Warning tickets. Such things are issued to get you to think about what you are doing wrong and turn around to do the right things. But what about the New Testament? Are such warnings found after Jesus’ death and resurrection? I think there are.

Let us look once again at our second lesson this morning from the book of Revelation chapter 22. This is the very end of John’s vision, and in this vision, John is being shown around heaven. John paints the picture of this reality several times in this final book of the Bible including in these last few verses, "12 ‘See, I am coming soon; my reward is with me, to repay according to everyone’s work. 13I am the Alpha and the Omega, the first and the last, the beginning and the end.’ 14 Blessed are those who wash their robes, so that they will have the right to the tree of life and may enter the city by the gates. 15Outside are the dogs and sorcerers and fornicators and murderers and idolaters, and everyone who loves and practices falsehood."

"15Outside are the dogs and sorcerers and fornicators and murderers and idolaters, and everyone who loves and practices falsehood." A warning ticket. Now, those of you who read my blog know this verse was omitted by those who were choosing today’s Bible passages for some reason or another. I wasn’t happy about its exclusion, so I made sure it was printed in the bulletin. We need to see what is in scripture and be allowed to think about it, wrestle with it, and ask tough questions about it. Like, why would God keep people outside of heaven?

Now, this might not be a troubling question for some. I mean, there are many Christians who willingly accept the Christian doctrine of hell, but there are a good chunk of people who find this problematic. How could a loving God destine people to eternal punishment?

Well, let’s start with the fact that God does not destine anyone to hell. God does not destine anyone to eternal punishment. God doesn’t condemn people. They condemn themselves.

Now, that might sound harsh, but let’s go through this step by step. First off, remember that you don’t have the power to come to belief in God on your own. Some people have trouble with this concept. Some folks believe you have to consciously make a decision to believe in God and follow Jesus Christ. I respectfully disagree as Scripture is very clear. St. Paul writes that no one can say Jesus is Lord except by the power of the Holy Spirit. For those of you who want verse references, it’s 1 Corinthians 12:3. If you have an argument with me about this, you will first have to argue with St. Paul. Martin Luther, namesake of the Lutheran Church picked up on this in his explanation to the third article of the Apostles’ Creed when he wrote, "I cannot by my own reason or strength believe in Jesus Christ or come to Him, but it is the Holy Spirit that calls me through the Gospel, enlightens me with His gifts and sanctifies and preserves me in the true faith." And now, if Andrew Newberg’s brain research is correct, we know that we are actually hard-wired for belief in God. The brain is wired for belief! In my book, that means God has predestined each and every one of us to believe in Him and have salvation.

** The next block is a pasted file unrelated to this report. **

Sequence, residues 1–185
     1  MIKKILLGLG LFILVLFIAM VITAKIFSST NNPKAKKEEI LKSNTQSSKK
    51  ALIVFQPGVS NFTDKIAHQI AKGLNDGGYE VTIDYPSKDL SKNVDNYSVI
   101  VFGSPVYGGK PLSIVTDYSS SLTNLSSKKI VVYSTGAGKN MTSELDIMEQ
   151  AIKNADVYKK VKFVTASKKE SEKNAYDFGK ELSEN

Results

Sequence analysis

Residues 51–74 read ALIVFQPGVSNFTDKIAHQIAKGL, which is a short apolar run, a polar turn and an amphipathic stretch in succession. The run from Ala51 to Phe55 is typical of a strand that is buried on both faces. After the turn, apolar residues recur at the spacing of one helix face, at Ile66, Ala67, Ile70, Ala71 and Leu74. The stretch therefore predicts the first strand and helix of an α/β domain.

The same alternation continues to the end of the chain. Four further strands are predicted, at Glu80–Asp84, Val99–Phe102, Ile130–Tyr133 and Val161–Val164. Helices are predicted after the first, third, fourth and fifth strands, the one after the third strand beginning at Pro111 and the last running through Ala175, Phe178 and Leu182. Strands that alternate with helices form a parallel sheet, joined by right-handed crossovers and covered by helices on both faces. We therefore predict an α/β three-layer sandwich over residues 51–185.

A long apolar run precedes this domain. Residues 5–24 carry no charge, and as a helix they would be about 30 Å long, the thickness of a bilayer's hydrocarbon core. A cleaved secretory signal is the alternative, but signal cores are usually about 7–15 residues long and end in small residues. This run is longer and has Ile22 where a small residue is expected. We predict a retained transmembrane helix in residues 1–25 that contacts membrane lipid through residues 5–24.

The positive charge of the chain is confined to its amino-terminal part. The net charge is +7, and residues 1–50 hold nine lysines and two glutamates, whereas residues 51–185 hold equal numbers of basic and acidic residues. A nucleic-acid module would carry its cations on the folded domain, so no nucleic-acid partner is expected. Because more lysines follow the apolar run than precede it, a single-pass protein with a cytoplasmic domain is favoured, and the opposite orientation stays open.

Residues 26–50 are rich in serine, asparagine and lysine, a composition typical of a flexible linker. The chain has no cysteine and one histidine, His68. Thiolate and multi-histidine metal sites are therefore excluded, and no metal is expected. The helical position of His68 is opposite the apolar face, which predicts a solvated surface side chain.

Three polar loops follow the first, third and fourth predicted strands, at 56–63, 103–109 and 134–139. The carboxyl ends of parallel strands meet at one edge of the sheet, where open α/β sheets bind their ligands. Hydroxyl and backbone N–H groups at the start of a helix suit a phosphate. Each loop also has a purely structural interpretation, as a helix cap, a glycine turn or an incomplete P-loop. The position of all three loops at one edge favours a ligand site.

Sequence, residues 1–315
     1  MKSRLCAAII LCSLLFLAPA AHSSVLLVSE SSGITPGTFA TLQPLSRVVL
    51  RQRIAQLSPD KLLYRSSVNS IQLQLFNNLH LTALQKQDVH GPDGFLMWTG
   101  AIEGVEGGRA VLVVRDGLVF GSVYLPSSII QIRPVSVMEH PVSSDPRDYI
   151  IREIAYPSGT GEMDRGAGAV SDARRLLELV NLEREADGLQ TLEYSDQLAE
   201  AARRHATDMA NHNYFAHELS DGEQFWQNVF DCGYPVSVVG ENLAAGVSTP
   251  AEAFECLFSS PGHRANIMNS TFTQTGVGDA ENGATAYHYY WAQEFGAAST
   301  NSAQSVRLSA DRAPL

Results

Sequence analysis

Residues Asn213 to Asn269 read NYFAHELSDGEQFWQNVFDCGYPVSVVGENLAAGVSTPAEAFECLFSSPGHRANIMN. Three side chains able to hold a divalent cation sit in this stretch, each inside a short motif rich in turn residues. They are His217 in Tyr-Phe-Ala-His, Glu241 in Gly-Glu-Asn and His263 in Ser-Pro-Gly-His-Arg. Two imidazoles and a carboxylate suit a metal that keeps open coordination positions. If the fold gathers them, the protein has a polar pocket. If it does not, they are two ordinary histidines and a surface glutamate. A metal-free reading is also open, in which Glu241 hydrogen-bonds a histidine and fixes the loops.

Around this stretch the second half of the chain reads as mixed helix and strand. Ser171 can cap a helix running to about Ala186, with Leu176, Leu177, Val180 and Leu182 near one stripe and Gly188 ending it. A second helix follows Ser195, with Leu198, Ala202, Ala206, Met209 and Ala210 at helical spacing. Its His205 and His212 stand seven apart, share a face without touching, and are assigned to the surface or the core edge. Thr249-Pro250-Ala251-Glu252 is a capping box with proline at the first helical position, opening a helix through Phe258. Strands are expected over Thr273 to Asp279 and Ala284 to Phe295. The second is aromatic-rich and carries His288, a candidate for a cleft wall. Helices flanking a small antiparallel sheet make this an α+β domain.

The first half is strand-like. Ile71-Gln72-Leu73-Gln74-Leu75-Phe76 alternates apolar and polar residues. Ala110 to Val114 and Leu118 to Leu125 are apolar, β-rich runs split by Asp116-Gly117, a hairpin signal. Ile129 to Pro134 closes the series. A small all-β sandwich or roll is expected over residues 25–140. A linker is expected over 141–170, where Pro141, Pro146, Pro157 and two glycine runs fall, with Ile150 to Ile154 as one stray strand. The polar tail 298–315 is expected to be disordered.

So, why hell then? Why people sitting outside heaven? Well, because God gives us the choice to walk away. We can freely stay in a relationship with Him, or we can walk away from it. We have free will.
"But why does God give us this free will. If He loves us so much and wants us to be with Him, why does He allow us to walk away?"

Well, let’s think about that a moment. If He didn’t give us free will, then we would simply be puppets on a string. God would control us. That’s not exactly a relationship now, is it? True relationships, relationships which are built upon love and trust require freedom. They require people having the ability to say yes to each other or no to each other. It’s that simple, really. There must be a choice involved when it comes to our relationship with God, and that choice remains squarely with you and me as to whether or not we stay in that relationship. God doesn’t waver in His resolve toward us. He wants us to be with Him, and He will do everything in His power to make that relationship work. It is we who choose to walk away.

Which brings us back to those sitting outside of heaven: the dogs and sorcerers and fornicators and murderers and idolaters, and everyone who loves and practices falsehood. How do we reconcile such things with grace? How do we reconcile those sitting on the outside with the knowledge that it is not by our actions that we are saved but purely by God’s love? Doesn’t God love even those who are outside the gate?

Of course. In fact, God loves them so much that He gives them their heart’s desire.